Note: See a five-minute video presentation of this exciting development. Explore a treasure trove of concise summaries of incredibly inspiring news articles which will inspire you to make a difference.


EnerVault unveils 'flow battery' for solar energy storage
2014-05-22, San Francisco Chronicle (SF's leading newspaper)
Posted: 2014-05-26 10:18:05
http://www.sfgate.com/business/article/EnerVault-unveils-flow-battery-for-sol...

In an almond orchard outside Turlock in the Central Valley, two large tanks hold water, minerals - and more importantly, energy. The tanks ... are part of a "flow battery" that stores energy from nearby solar panels. It's the largest battery of its kind in the world. And it could play a role in California's push to develop bigger and better ways to store large quantities of energy. This particular flow battery ... was built by EnerVault of Sunnyvale, part of the Bay Area's fast growing energy-storage industry. Like most of its competitors, EnerVault is young, founded in 2008, with about $30 million in venture funding to date. Some companies try to perfect the lithium-ion batteries found in laptops and electric cars. Others, including EnerVault and Primus Power of Hayward, specialize in flow batteries, which store energy in tanks of electrolytes. The fluid is then pumped through the battery's cells when power is needed. In contrast, the batteries found at a grocery store contain the electrolyte, cathode and anode all in one package. "Flow batteries are batteries turned inside out," said Jim Pape, EnerVault's chief executive officer. His company's flow batteries use iron and chromium, blended into the water inside its tanks. Both materials are safe to handle. Iron and chromium also have the benefit of being cheap. "That's our special sauce," Pape said. "Iron and chromium are very, very abundant, and abundance equals low cost."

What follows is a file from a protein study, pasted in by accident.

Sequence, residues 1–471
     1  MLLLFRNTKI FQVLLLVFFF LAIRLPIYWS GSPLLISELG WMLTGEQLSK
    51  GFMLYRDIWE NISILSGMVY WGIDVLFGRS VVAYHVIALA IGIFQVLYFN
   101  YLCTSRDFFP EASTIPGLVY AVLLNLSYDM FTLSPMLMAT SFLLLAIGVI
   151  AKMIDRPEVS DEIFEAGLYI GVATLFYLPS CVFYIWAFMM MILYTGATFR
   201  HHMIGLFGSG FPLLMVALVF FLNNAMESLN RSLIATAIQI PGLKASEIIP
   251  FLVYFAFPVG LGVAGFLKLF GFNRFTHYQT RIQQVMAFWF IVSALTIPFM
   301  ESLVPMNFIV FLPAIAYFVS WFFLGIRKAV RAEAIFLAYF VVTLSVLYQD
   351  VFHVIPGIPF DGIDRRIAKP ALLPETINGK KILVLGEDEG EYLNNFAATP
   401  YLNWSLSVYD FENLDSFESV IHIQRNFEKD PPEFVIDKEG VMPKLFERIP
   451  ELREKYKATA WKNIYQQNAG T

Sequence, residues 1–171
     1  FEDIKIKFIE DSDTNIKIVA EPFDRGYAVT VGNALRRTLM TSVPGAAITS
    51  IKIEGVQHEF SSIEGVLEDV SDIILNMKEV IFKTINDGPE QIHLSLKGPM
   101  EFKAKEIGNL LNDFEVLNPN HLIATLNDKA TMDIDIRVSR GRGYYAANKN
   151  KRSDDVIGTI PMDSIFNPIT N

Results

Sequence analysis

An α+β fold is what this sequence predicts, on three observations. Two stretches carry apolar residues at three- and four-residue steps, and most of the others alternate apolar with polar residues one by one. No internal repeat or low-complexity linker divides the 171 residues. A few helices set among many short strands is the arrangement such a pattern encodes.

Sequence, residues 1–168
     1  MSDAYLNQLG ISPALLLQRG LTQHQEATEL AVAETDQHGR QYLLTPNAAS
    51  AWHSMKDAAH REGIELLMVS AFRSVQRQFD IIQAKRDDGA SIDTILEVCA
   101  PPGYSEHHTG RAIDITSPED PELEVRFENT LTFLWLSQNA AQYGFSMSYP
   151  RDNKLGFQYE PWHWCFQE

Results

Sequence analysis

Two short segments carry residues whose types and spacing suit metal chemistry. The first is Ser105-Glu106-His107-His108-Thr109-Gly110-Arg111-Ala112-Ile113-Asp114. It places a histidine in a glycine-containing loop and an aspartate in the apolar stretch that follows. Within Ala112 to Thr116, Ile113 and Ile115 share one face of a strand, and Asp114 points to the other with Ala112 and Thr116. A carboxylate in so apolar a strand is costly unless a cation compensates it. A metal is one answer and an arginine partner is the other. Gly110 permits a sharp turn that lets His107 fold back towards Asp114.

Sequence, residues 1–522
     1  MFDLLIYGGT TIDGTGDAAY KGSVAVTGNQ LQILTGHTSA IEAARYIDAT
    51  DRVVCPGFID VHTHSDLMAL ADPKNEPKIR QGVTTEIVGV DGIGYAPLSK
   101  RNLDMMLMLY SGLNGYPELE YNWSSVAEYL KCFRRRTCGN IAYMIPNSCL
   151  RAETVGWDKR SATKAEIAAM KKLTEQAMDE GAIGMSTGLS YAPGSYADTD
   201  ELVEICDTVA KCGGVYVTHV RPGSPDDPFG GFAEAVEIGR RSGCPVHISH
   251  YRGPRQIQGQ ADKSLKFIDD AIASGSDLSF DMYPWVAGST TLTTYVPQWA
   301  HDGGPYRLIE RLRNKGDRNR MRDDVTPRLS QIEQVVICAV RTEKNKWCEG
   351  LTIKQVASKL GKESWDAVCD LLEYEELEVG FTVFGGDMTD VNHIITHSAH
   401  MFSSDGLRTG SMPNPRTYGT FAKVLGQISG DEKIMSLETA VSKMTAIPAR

Note: For lots more from reliable sources on exciting new energy developments, click here. For a treasure trove of great news articles which will inspire you to make a difference, click here.


Fracking is depleting water supplies in America's driest areas, report shows
2014-02-05, The Guardian (One of the UK's leading newspapers)
Posted: 2014-05-19 07:31:13
http://www.theguardian.com/environment/2014/feb/05/fracking-water-america-dro...

America's oil and gas rush is depleting water supplies in the driest and most drought-prone areas of the country, from Texas to California, new research has found. Of the nearly 40,000 oil and gas wells drilled since 2011, three-quarters were located in areas where water is scarce, and 55% were in areas experiencing drought, the report by the Ceres investor network found. Fracking those wells used 97bn gallons of water, raising new concerns about unforeseen costs of America's energy rush. "Hydraulic fracturing is increasing competitive pressures for water in some of the country's most water-stressed and drought-ridden regions," said Mindy Lubber, president of the Ceres green investors' network. Without new tougher regulations on water use, she warned industry could be on a "collision course" with other water users. "It's a wake-up call," said Prof James Famiglietti, a hydrologist at the University of California, Irvine. "[I]t is time to have a conversation about what impacts there are, and do our best to try to minimise any damage." It can take millions of gallons of fresh water to frack a single well, and much of the drilling is tightly concentrated in areas where water is in chronically short supply, or where there have been multi-year droughts. Half of the 97bn gallons of water was used to frack wells in Texas, which has experienced severe drought for years. "Shale producers are having significant impacts at the county level, especially in smaller rural counties with limited water infrastructure capacity," the report said.

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Germany Taps Universities in Its Push for Green Energy
2014-05-11, New York Times
Posted: 2014-05-19 07:26:34
http://www.nytimes.com/2014/05/12/world/europe/germany-taps-universities-in-i...